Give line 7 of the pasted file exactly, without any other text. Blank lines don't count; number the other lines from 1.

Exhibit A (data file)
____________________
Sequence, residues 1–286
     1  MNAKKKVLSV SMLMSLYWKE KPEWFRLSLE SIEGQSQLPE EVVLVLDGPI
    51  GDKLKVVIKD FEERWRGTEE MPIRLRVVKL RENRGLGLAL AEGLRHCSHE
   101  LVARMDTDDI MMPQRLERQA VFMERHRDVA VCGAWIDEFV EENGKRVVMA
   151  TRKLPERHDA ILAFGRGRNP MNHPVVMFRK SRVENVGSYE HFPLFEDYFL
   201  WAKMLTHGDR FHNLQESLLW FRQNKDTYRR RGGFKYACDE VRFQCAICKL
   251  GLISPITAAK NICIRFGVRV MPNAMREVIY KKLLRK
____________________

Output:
   251  GLISPITAAK NICIRFGVRV MPNAMREVIY KKLLRK